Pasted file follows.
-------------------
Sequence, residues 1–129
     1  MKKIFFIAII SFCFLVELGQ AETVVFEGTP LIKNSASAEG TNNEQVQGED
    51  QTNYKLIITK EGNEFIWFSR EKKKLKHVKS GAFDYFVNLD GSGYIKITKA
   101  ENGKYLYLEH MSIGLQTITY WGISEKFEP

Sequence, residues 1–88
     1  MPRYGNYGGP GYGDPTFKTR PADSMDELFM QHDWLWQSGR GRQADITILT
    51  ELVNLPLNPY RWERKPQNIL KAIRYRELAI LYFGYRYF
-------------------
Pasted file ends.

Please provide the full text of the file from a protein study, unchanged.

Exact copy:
Sequence, residues 1–129
     1  MKKIFFIAII SFCFLVELGQ AETVVFEGTP LIKNSASAEG TNNEQVQGED
    51  QTNYKLIITK EGNEFIWFSR EKKKLKHVKS GAFDYFVNLD GSGYIKITKA
   101  ENGKYLYLEH MSIGLQTITY WGISEKFEP

Sequence, residues 1–88
     1  MPRYGNYGGP GYGDPTFKTR PADSMDELFM QHDWLWQSGR GRQADITILT
    51  ELVNLPLNPY RWERKPQNIL KAIRYRELAI LYFGYRYF